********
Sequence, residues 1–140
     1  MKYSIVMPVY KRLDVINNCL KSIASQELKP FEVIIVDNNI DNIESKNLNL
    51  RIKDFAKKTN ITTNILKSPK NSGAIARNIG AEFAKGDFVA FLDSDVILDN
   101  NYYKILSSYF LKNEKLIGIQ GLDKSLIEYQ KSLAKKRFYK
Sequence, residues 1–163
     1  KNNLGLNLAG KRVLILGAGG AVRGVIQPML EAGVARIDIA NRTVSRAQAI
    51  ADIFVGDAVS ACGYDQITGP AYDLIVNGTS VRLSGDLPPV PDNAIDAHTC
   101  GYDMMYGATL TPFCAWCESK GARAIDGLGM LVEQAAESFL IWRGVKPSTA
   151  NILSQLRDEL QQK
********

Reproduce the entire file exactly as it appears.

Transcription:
Sequence, residues 1–140
     1  MKYSIVMPVY KRLDVINNCL KSIASQELKP FEVIIVDNNI DNIESKNLNL
    51  RIKDFAKKTN ITTNILKSPK NSGAIARNIG AEFAKGDFVA FLDSDVILDN
   101  NYYKILSSYF LKNEKLIGIQ GLDKSLIEYQ KSLAKKRFYK
Sequence, residues 1–163
     1  KNNLGLNLAG KRVLILGAGG AVRGVIQPML EAGVARIDIA NRTVSRAQAI
    51  ADIFVGDAVS ACGYDQITGP AYDLIVNGTS VRLSGDLPPV PDNAIDAHTC
   101  GYDMMYGATL TPFCAWCESK GARAIDGLGM LVEQAAESFL IWRGVKPSTA
   151  NILSQLRDEL QQK